The great state of Texas is the latest to try to protect its residents’ Internet privacy from grabby employers.
House Bill 318, Rep. Helen Giddings’s (D-Dallas) so-called Social Media Bill, passed the Texas House Friday. It states that, barring a few specific exceptions, your email and social media passwords are off limits:
[A]n employer may not require or request that an employee or applicant for employment disclose a user name, password, or other means for accessing a personal account of the employee or applicant, including a personal e-mail account or a social networking website account or profile, through an electronic communication device.
Starting in the spring of 2012, some states, encouraged by civil liberties groups like the ACLU, began drafting such bills to protect citizens’ online private lives from their bosses. Such bills grew more and more popular in light of horror stories like Kimberly Hester’s. Hester, a teacher’s aide, was fired after her superintendent heard she made an uncouth joke on Facebook—she took a picture of her pants around her ankles, tagging a friend and writing “thinking of you”—and wouldn’t let the principal check it out himself.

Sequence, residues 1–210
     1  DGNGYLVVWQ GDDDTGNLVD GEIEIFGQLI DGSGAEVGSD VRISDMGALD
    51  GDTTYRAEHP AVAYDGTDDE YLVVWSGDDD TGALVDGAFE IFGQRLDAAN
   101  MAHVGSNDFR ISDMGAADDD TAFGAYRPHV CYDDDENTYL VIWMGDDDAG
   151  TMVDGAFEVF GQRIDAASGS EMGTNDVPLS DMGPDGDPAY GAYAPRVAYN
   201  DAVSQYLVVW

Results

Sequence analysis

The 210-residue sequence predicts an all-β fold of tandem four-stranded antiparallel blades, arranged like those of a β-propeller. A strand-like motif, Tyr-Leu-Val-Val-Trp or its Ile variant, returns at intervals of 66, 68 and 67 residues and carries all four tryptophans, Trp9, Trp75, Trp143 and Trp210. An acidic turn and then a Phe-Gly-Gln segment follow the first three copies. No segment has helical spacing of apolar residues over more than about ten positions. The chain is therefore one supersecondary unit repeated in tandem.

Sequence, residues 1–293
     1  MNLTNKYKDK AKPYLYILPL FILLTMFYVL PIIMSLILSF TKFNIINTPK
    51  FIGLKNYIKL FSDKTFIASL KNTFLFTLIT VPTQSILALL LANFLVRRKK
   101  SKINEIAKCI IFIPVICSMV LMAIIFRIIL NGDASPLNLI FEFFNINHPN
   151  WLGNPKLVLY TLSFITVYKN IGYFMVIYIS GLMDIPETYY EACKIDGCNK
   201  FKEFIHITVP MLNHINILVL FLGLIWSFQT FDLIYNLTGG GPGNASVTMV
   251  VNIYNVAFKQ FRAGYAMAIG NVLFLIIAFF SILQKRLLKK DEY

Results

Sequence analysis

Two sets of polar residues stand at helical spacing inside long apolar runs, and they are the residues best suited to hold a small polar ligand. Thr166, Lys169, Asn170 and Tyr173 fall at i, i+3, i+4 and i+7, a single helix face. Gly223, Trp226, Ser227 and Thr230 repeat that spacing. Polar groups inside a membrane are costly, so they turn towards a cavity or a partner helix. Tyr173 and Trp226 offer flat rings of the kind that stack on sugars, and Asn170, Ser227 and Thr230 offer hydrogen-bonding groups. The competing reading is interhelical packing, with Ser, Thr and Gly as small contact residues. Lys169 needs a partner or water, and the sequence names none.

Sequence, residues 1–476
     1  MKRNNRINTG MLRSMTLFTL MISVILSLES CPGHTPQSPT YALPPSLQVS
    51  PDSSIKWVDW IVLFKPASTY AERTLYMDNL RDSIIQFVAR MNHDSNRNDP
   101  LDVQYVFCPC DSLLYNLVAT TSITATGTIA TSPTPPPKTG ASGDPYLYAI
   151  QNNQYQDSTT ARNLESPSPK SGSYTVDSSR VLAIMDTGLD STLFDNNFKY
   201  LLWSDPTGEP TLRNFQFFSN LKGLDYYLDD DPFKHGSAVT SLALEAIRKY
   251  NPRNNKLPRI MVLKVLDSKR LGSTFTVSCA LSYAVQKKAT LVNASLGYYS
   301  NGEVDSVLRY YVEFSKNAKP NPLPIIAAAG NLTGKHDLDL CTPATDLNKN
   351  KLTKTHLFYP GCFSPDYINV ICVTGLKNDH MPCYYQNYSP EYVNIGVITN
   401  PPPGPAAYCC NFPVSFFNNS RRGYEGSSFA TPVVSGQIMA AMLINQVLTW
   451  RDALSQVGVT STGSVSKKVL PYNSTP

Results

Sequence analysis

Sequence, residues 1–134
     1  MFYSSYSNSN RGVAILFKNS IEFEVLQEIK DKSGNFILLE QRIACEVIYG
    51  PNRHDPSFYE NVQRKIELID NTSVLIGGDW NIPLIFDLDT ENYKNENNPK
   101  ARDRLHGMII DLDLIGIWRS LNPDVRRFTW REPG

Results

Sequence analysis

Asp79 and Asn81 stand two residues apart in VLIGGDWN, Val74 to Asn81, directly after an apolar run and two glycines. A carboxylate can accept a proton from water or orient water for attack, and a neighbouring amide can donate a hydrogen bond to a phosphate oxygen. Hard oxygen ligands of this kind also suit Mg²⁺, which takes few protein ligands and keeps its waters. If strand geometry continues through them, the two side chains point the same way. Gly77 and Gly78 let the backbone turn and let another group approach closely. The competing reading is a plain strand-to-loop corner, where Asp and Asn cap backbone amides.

If it passes, the Social Media Bill would become just the latest in a string of recent Internet-savvy Texas laws. One currently-pending bill would allow citizens to be served legal documents over social media. Another would require the government to get a warrant to track your movement through your digital devices.
“This is about protecting the privacy and freedom of speech of an individual,” Giddings said of her bill.
Photo via Helen Giddings